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Anti-nuclear_weapons_protest,_UK_1980T.jpg
Kim Traynor
Anti-nuclear_weapons_protest,_UK_1980.jpg
Kim Traynor
UK News

Quakers urge UK government to support new nuclear weapons ban

Quakers in Britain have released a statement urging the British government to abide by newly ratified international law which bans the development and use of nuclear weapons.

The United Nations announced on Saturday that the required 50 countries have now signed the Treaty on the Prohibition of Nuclear Weapons (TPNW), meaning that it will now be officially enshrined in law.

The United Kingdom — along with a handful of other nuclear-armed nations — have refused to sign up to the treaty, prompting firm words from the Quakers.

Paul Parker, Recording Clerk for Quakers in Britain said: "Love for our neighbour is the very heart of the Christian way of life. How can we love someone, and yet have a nuclear weapon, a horrific instrument of death, primed and ready for launch, pointed towards them at the same time? 

"We have to find a better way. Nuclear weapons make us no safer. This treaty is a start, and Quakers urge the UK government to sign it, and to dismantle our nuclear arsenal." 

The UN secretary-general, Antonio Guterres, called the treaty a "culmination of a worldwide movement to draw attention to the catastrophic humanitarian consequences of any use of nuclear weapons". 

He added that it represents a "meaningful commitment towards the total elimination of nuclear weapons" - something which he says remains "the highest disarmament priority of the United Nations".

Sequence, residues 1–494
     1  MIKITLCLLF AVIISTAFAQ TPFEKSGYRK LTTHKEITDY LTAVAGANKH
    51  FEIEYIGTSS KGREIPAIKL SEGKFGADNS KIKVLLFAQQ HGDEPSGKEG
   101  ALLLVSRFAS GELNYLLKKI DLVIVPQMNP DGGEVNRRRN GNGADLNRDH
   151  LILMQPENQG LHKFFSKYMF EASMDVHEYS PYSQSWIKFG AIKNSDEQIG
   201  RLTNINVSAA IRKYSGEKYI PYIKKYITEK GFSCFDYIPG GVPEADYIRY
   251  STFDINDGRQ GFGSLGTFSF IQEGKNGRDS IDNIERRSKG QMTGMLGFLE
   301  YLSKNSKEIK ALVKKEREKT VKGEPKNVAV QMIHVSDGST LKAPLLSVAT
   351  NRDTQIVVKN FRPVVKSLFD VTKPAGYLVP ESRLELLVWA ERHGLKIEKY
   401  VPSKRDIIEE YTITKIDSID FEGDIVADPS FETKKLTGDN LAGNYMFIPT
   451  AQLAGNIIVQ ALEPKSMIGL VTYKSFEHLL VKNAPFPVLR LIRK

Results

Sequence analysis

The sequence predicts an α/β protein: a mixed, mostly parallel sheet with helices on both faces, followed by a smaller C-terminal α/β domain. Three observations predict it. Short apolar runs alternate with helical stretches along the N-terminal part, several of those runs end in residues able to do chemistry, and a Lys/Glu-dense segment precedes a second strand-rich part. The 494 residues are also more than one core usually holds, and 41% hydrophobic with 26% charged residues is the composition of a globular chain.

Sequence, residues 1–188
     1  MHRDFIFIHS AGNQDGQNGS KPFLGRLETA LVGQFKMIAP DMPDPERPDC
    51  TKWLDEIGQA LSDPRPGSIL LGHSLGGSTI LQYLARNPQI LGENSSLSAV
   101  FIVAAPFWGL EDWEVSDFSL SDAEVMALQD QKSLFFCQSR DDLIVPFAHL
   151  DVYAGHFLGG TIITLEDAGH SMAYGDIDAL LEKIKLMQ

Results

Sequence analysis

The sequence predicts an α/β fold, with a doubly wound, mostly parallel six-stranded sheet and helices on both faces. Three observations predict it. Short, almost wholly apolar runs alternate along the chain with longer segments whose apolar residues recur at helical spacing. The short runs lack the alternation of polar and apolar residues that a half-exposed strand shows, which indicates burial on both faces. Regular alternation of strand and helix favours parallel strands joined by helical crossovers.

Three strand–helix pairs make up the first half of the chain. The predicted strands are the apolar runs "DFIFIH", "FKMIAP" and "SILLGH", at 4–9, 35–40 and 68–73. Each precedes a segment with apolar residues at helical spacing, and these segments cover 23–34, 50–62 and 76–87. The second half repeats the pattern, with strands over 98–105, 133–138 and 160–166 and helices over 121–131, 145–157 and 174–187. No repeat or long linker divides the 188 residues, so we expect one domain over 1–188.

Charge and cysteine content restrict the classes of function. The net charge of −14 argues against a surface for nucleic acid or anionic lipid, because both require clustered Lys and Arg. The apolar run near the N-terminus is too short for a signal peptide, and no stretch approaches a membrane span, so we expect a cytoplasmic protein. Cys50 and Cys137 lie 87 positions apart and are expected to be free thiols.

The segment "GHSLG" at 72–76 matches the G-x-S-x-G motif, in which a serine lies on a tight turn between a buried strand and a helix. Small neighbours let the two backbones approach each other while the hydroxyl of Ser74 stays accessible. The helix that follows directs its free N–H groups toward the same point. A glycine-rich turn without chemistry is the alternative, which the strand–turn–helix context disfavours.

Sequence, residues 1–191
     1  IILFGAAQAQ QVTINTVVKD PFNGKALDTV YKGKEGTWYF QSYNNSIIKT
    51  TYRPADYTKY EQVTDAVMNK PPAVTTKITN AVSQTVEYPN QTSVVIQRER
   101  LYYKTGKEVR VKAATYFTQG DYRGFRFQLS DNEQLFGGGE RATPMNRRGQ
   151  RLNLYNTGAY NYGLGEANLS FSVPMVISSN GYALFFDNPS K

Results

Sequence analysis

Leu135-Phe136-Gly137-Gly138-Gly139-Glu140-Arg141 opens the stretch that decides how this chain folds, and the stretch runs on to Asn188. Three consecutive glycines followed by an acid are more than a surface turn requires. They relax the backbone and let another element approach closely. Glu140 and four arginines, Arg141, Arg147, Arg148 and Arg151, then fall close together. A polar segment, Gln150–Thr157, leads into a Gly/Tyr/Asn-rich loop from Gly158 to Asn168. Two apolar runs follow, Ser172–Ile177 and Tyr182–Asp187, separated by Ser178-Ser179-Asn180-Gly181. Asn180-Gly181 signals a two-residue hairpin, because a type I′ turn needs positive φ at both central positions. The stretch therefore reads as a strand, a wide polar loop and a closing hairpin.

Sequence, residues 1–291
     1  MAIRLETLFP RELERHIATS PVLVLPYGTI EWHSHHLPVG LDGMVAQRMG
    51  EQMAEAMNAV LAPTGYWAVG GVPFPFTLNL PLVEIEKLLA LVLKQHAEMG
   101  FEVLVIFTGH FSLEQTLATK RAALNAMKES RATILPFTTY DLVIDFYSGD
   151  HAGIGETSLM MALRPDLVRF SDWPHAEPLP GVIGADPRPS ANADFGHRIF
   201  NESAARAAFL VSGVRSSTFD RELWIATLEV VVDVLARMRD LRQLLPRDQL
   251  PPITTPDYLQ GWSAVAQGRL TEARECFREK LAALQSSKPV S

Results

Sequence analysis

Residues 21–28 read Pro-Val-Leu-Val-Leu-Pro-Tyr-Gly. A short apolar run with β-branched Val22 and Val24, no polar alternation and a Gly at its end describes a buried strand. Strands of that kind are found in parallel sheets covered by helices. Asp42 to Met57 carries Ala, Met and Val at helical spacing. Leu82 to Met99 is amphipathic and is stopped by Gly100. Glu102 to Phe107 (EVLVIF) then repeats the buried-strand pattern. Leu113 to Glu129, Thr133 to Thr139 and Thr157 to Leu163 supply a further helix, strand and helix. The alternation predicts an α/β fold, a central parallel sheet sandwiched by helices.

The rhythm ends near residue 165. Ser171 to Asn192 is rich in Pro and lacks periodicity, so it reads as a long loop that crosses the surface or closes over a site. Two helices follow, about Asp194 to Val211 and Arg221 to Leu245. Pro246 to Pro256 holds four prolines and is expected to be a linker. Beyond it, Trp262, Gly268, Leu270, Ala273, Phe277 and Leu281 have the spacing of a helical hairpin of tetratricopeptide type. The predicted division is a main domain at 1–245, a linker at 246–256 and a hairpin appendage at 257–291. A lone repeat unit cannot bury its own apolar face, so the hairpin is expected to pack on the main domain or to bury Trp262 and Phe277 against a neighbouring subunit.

Peter Maurer, president of the International Committee of the Red Cross said the ratification was "a victory for humanity and a promise of a safer future". 

The International Campaign to Abolish Nuclear Weapons (ICAN), whose advocacy on the issue won them the 2017 Nobel Peace Prize, called the development a “historic milestone”.

"This moment has been 75 years coming since the horrific attacks on Hiroshima and Nagasaki, and the founding of the UN which made nuclear disarmament a cornerstone,” said the executive director of ICAN, Beatrice Fihn. "The 50 countries that ratify this Treaty are showing true leadership in setting a new international norm that nuclear weapons are not just immoral but illegal." 

Other nations who have refused to sign the treaty include the United States, France, China and Russia.

The UK is a signatory to the 1968 Non-Proliferation of Nuclear Weapons Treaty (NPT), which aims to prevent the development and spread of nuclear weapons across the globe. 

In 2017, the government reaffirmed its commitment to the "long term goal of a world without nuclear weapons" and backed the NPT as "the cornerstone of the international nuclear non proliferation regime and the essential foundation for the pursuit of nuclear disarmament and for peaceful uses of nuclear energy". 

The Treaty on the Prohibition of Nuclear Weapons will come into force on 22 January, 2021. 

 

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